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A Deep Dive into Plastic Pollution

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Can we survive without ocean?

by Arpita Cuddapah

The ocean is indispensable for all aspects of human existence and well-being. Most of our atmospheric oxygen comes from the oceans. The oceans provide us with the air we breathe, absorb carbon dioxide, and play a significant role in regulating the global climate system. We can therefore say that the oceans are the very foundation of human life. Join the Ocean Cleanup Projects by individuals like you!
 
The plastic pollution obsession
Look around take a deep dive into plastic pollution – plastic is everywhere- right from the health sector to solar panels to packaging. But what makes plastic an infallible material?

The answer is it is cheap!
Besides being cheap, it is also a tremendously versatile compound. Plastic is a lightweight, hygienic, and resistant material that has the ability to be molded in any desirable form, making it an ideal choice across industries.  
 

Plastic Pollution on Land

It is time we acknowledge that we are faced by a plastic waste crisis both plastic pollution on land and flowing into our Ocean, warranting our urgent attention and measures.

According to the United Nations Environment Program (‘UNEP’), more than 8.3 billion tons of plastic has been produced since the early 1950s, and about 60% of that plastic has ended up in either a landfill or the natural environment.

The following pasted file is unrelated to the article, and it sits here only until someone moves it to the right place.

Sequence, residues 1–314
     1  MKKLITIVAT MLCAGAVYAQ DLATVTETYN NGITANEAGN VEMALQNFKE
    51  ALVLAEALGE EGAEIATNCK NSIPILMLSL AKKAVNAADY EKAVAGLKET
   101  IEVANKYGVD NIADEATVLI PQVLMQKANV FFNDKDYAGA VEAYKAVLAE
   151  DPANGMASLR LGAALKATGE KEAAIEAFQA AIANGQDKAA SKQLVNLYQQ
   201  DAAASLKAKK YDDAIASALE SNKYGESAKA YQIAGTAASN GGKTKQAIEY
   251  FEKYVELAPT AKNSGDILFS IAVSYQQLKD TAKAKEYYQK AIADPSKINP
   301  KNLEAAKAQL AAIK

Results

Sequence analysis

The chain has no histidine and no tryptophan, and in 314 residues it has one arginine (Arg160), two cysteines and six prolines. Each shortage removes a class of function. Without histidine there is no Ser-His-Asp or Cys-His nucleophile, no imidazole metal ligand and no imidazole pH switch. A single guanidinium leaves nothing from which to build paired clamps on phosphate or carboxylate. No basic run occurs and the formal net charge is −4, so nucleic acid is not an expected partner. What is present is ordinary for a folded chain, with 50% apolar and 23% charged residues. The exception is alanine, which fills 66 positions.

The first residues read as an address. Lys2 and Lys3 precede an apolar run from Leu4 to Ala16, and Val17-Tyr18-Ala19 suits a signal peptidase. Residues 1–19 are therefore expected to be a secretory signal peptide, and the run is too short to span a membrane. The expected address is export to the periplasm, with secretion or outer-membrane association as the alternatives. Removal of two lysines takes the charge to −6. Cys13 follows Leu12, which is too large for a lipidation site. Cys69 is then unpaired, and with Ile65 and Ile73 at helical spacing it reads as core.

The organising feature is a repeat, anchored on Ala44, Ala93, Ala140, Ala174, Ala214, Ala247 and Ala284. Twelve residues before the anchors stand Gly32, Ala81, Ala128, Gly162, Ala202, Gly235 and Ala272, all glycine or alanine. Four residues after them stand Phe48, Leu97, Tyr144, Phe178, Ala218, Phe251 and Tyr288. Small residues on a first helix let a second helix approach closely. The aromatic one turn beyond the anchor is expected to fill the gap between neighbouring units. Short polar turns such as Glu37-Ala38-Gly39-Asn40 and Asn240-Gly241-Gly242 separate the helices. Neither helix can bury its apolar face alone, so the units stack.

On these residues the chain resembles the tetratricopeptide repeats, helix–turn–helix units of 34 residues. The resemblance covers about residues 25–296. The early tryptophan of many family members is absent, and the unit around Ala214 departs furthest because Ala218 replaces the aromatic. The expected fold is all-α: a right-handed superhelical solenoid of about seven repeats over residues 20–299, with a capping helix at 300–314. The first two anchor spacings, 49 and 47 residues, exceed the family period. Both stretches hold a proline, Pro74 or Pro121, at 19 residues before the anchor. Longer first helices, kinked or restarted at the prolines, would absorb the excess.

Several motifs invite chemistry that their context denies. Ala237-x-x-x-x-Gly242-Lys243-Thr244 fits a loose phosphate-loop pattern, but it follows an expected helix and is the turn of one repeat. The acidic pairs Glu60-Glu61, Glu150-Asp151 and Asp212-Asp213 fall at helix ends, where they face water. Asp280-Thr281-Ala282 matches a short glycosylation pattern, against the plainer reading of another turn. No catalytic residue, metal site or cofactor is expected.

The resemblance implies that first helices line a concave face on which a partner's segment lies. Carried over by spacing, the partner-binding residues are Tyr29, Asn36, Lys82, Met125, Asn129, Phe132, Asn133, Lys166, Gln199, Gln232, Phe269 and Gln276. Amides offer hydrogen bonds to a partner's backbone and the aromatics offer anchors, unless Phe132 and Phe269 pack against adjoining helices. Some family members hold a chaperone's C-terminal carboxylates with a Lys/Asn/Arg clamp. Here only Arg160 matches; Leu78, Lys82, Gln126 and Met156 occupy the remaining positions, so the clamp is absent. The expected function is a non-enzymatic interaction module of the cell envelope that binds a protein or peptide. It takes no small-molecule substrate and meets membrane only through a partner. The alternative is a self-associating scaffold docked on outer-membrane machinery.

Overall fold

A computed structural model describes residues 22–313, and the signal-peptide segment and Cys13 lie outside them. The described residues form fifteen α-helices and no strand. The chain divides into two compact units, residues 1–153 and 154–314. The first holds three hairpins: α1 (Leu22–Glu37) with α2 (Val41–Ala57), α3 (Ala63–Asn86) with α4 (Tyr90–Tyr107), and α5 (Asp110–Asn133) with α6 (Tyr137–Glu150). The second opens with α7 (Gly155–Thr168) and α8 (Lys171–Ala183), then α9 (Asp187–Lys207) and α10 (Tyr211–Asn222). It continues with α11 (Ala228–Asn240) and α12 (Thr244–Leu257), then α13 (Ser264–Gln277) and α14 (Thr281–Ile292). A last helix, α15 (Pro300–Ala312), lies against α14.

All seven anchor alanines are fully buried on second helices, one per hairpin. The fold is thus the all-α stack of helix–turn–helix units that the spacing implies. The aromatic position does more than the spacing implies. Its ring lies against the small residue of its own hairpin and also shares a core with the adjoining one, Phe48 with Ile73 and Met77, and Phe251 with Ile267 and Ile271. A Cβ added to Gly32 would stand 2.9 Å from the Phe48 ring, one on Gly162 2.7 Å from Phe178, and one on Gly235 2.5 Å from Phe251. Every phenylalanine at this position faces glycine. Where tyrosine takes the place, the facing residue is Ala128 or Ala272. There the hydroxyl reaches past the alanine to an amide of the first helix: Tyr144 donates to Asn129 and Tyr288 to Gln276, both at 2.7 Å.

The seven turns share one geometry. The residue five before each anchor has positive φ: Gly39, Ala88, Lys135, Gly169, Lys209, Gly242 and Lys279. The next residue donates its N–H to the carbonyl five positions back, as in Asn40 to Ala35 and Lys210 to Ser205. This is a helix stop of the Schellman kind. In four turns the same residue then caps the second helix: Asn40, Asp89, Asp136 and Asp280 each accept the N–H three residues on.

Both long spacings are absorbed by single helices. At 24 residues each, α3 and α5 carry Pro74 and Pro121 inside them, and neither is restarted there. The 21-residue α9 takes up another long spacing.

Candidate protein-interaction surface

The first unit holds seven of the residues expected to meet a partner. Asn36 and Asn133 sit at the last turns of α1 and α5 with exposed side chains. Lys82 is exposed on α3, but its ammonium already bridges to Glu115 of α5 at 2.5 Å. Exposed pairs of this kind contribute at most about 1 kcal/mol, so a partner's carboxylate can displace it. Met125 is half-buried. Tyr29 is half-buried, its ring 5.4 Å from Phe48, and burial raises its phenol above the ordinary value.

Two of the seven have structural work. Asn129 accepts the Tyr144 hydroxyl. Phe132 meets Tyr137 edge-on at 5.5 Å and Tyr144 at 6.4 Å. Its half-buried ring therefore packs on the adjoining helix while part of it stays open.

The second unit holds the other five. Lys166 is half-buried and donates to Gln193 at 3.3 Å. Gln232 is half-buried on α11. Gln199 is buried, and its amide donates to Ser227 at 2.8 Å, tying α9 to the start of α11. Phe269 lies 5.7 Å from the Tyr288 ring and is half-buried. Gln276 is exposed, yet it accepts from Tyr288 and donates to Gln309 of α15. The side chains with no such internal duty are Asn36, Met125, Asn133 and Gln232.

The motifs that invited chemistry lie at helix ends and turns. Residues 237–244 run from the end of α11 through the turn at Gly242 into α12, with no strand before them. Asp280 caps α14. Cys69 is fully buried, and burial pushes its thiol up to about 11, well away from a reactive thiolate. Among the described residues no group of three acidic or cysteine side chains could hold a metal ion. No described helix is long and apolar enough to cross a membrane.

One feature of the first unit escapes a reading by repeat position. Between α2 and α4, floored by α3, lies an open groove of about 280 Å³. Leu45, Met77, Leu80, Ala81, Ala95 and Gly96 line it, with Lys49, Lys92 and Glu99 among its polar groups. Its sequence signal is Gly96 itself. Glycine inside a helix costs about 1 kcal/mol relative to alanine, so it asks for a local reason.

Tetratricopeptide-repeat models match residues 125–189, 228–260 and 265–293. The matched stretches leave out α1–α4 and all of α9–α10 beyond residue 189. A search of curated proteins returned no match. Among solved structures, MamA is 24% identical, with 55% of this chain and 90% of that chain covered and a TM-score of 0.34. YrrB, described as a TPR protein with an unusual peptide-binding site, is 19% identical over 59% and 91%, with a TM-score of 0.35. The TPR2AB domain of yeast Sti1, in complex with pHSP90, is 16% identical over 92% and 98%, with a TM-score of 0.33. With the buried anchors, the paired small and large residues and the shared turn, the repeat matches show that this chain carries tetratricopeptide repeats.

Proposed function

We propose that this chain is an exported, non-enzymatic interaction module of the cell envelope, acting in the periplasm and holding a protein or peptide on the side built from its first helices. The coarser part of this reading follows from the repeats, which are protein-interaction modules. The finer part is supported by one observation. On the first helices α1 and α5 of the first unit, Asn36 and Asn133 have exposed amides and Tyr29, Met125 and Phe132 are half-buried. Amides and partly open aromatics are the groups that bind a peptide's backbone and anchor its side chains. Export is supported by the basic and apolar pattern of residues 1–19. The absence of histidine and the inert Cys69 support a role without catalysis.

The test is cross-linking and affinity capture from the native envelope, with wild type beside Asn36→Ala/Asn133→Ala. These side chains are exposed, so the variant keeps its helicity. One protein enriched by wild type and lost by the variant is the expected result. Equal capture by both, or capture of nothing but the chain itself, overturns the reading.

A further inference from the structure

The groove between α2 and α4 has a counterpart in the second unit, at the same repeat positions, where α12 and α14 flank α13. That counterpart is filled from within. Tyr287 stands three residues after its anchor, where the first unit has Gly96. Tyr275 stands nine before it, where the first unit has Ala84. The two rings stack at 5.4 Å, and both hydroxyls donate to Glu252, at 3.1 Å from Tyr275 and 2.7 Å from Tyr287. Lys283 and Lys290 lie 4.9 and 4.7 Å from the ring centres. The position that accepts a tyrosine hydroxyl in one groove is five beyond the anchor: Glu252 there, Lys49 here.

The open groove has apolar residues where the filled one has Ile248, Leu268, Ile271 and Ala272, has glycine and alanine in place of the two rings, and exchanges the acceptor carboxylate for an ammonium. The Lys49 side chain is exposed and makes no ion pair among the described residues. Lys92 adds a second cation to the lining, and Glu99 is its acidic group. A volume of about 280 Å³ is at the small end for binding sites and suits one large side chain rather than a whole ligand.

Needless to say, the need of the hour is to reduce the flow of plastic at its source. However, we must also not lose sight of the fact that we ought to improve our methods of managing plastic waste.
A shocking 8 million tons of plastic end up in the world’s oceans every year. Rivers across the world serve as direct conduits of trash which leads to rivers carrying waste from deep inland to the seas. According to the UNEP, if the current trend continues, plastic will outweigh fish in our oceans by 2050.
 
Plastic has a big Carbon Footprint
The production of plastic is largely reliant on fossil hydrocarbons, which are non-renewable resources. Researches have asserted that the plastic industry uses as much oil as the aviation sector.
The oil consumed to make plastics is projected to jump from 6% to 20% of all oil consumed across the world, and the carbon footprint of plastic production is on track to grow from 1% in 2014 to 15% by 2050.

Carroll Muffett, head of the Center for International Environmental Law (‘CIEL’), says, “emissions from plastics production and incineration could account to 56 gigatons of carbon between now and 2050.” That is 56 billion tons, or almost 50 times the annual emissions of all of the coal power plants in the U.S.! Geyer, Jambeck, and Law, 2017

Impact on environment and marine life

From the Arctic to the Antarctica, plastic is ubiquitous. When we talk about marine debris, it is pertinent to discuss the phenomenon of garbage patches. Garbage patches are large areas of the ocean where marine debris accumulates. The debris, which largely varies in size, is not only present across the surface of the ocean but goes down to the ocean floor.  

These patches are a consequence of rotating ocean currents called “gyres”. There are five gyres in the ocean. One in the Indian Ocean, two in the Atlantic Ocean, and two in the Pacific Ocean. Garbage patches of varying sizes are located in each gyre.